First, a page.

You Need A Budget (YNAB) Personal Budget Software
Like anyone who wants to be wise about his or her spending habits, I try to keep a budget of sorts. I’ve used several personal budget software programs and personal financial software applications. However, my favorite continues to be You Need A Budget (or YNAB for short). If you are interested in a review of this software, check out our YNAB (You Need A Budget) review for a comprehensive look at one of the top programs available for budgeting right now. Even Amazon reviewers rank it much higher than they do other popular tools like Quicken and MSN Money. If you want more details and are interested in checking out this software, you can do so here.
I’ve also developed a simple way to account for every single penny I spend and to determine how much money I should allocate for certain things.
I’ve also checked out my spending history and tried to identify which items normally lead to overspending. Contrary to what I thought, it wasn’t the small luxuries and the drinks out with friends that killed my budget. It was the large, unexpected expenses that got me into trouble — such as when I had to pay for the pipe system to get fixed in my bathroom. To control my household budget, I had to plan for these unexpected financial emergencies.
How I Budget My Money and Control My Spending
Eventually, I figured out a way to make budgeting simpler for myself. I decided to divide all my spending into three categories: committed expenses, irregular expenses, and fun money. I also created a budget category for my savings.
Committed Expenses: 60% of Net Income
Committed expenses represent the basic necessities I have to pay for. This includes food and money, rent, my cell phone bills, my credit card bills, and my taxes. I decided to allot 60% of my monthly income to paying for my committed expenses. What made it difficult for me at first was the large amount that I needed to pay for monthly credit card bills. In order to aggressively get rid of my debt, I cut down on fun money and irregular expenses until after all my core expenses were paid. Once my debt is all paid, I will then redirect any disposable income back into my savings.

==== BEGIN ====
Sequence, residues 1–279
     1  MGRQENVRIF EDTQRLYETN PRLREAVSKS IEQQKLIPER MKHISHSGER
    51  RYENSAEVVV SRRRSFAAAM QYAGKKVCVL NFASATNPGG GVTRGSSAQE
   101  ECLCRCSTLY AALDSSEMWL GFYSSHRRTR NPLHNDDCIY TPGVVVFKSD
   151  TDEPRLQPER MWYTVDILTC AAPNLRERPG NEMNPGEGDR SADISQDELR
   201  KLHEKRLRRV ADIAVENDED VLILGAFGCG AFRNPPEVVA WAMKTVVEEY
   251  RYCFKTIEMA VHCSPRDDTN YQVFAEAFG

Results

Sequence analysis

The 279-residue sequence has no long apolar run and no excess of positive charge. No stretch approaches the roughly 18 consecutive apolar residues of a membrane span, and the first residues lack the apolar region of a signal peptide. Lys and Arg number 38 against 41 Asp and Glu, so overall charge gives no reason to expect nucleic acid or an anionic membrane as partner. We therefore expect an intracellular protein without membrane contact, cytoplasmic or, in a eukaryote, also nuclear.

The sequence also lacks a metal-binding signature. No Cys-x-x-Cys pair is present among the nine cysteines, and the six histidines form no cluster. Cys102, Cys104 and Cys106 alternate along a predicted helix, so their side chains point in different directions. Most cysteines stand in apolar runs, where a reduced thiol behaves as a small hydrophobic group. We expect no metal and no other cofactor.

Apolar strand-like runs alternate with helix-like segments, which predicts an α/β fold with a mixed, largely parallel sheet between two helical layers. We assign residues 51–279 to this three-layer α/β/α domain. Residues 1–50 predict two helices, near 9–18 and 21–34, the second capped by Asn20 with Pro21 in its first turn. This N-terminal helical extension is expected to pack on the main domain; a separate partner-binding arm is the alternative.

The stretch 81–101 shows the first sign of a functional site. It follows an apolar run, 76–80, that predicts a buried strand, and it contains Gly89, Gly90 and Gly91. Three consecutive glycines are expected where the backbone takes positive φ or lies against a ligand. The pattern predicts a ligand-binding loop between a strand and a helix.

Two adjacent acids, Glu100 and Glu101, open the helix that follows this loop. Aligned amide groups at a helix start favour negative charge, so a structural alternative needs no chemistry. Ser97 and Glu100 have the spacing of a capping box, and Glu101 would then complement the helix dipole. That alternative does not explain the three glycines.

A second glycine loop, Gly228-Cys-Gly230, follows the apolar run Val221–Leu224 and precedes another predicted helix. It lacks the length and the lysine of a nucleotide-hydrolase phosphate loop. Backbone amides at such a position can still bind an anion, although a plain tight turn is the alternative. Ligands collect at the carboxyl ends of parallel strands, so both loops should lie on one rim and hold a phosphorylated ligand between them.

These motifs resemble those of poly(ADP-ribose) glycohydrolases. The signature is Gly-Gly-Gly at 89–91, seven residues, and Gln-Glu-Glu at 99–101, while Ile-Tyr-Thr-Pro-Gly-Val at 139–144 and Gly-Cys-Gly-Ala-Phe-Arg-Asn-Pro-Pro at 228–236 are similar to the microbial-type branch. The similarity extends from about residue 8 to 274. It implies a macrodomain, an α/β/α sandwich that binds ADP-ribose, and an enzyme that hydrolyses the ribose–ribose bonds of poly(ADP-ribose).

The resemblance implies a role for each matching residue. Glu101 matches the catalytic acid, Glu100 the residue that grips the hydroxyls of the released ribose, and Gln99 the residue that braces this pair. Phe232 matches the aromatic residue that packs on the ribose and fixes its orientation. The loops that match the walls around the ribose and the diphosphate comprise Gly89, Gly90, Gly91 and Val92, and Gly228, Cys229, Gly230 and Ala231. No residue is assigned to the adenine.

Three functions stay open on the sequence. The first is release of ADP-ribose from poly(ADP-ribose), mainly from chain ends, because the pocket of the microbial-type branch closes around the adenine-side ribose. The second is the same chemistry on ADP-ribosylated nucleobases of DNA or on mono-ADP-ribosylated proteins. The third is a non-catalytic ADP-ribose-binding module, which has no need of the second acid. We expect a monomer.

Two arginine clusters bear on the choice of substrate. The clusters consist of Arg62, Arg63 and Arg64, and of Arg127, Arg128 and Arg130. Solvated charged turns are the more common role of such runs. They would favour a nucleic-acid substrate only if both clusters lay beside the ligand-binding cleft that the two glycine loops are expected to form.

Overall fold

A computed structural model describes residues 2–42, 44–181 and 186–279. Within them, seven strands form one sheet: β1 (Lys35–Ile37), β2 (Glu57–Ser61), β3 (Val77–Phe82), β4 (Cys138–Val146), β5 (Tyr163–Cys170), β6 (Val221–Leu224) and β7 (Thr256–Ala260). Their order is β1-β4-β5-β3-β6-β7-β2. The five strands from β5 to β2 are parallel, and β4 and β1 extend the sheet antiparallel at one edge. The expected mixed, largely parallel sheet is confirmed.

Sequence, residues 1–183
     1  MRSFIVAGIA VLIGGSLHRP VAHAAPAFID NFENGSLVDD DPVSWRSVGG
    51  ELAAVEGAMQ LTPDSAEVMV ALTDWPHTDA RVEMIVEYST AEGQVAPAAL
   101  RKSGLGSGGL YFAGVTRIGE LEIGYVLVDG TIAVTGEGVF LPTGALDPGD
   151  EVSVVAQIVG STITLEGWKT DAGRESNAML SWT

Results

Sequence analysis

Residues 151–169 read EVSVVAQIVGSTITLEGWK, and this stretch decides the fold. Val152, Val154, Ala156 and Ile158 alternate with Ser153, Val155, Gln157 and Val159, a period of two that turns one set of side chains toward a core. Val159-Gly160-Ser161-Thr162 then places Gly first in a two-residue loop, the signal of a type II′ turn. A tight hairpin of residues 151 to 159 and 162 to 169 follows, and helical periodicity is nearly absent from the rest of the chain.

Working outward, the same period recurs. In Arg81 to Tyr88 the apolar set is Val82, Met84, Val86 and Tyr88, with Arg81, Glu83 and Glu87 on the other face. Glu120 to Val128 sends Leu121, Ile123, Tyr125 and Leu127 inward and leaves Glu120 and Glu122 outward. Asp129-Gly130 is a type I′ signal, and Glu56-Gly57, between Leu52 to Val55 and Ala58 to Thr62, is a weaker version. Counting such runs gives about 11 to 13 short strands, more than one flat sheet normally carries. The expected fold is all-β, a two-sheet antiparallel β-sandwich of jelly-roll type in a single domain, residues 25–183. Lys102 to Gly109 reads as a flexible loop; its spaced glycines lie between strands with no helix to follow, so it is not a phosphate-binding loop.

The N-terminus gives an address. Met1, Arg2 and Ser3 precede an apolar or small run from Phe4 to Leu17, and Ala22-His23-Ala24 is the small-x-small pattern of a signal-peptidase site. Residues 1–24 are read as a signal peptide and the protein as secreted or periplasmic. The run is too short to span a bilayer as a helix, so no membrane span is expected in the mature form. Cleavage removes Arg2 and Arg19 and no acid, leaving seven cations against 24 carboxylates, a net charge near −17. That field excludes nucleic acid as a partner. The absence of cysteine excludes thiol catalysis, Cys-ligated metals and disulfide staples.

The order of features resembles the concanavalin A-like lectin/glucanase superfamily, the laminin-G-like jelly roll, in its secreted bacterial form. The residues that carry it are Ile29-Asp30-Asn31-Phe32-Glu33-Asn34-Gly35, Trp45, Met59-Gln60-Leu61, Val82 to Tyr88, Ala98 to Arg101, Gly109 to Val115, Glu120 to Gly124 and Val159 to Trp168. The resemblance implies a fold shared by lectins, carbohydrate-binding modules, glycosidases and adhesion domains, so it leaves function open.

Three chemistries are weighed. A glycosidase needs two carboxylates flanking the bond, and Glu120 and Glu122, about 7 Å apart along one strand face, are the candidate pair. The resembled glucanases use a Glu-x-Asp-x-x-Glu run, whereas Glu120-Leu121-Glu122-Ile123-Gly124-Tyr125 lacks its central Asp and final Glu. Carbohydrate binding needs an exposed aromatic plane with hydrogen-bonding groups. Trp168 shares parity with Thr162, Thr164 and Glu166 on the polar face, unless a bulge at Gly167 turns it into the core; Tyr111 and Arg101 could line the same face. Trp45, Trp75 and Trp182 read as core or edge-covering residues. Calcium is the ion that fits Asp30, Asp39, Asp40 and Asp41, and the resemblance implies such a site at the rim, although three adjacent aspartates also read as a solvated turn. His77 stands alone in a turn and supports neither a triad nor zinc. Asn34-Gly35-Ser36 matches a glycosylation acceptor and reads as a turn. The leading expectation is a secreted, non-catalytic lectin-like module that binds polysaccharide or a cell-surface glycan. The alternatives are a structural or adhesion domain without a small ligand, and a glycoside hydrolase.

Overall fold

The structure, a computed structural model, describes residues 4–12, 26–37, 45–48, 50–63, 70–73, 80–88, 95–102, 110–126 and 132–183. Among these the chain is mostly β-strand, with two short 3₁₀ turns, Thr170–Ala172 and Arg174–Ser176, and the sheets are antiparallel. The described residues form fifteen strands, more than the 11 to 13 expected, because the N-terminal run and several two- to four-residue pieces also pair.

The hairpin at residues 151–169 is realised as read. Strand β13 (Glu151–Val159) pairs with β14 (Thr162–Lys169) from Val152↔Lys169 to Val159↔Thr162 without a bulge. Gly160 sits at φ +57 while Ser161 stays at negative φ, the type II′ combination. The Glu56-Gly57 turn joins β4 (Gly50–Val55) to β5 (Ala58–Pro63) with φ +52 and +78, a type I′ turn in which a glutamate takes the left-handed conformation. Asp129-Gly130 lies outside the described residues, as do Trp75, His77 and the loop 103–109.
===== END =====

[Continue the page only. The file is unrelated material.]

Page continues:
Irregular Expenses: 20% of Net Income
The next category, irregular expenses, includes those little emergencies I mentioned just earlier. I decided to have 20% of my paycheck direct-deposited into my high yield savings account (to earn an interest) which is hooked to a separate checking account through electronic transfer. Over the months, I use the money in my checking account to pay for repairs, vacations, presents, and other less predictable expenses.
Fun Money: 10% of Net Income
Finally, the fun money is money for shopping, going out with friends, and general entertainment. I’d like to limit my budget for this to 10% of my net income. With the fun money, anything goes, as long as the total spent doesn’t exceed 20% of my income, which is the maximum I can afford without going into debt.
Savings: 10% of Net Income
I have designated at least 10% of my net income to savings. If I so desire, I can completely cut out my fun money budget and funnel all the funds there into my savings. So in effect, I have room in my budget to adjust the percentages at will so that I have better management of my spending and saving.
How Do You Categorize Your Spending?
As soon as I categorized my spending and saving activities into the four budget categories, I’ve had an easier time figuring out how much to set aside for my given needs. You should try it as well!
A friend of mine tried to cut her budget up into these four categories, but unfortunately, she had a pretty hard time reducing her committed expenses to 60% of her monthly income. It turned out that she had one big expense in the past month that threw her budget off. After some discussion and time spent reviewing her spending history, we also realized that there was a big gap between her income and living expenses to support her lifestyle. The good news is that by going through the exercise of tracking her expenses, my friend has since vowed to cut down on her spending, has promised to pay off her debts as quickly as possible, and has worked to set a smaller budget aside for fun and recreation.
Budgeting requires some discipline and commitment, but once you get the hang of it, it can eventually become second nature. Good luck with setting up and sticking to your budget!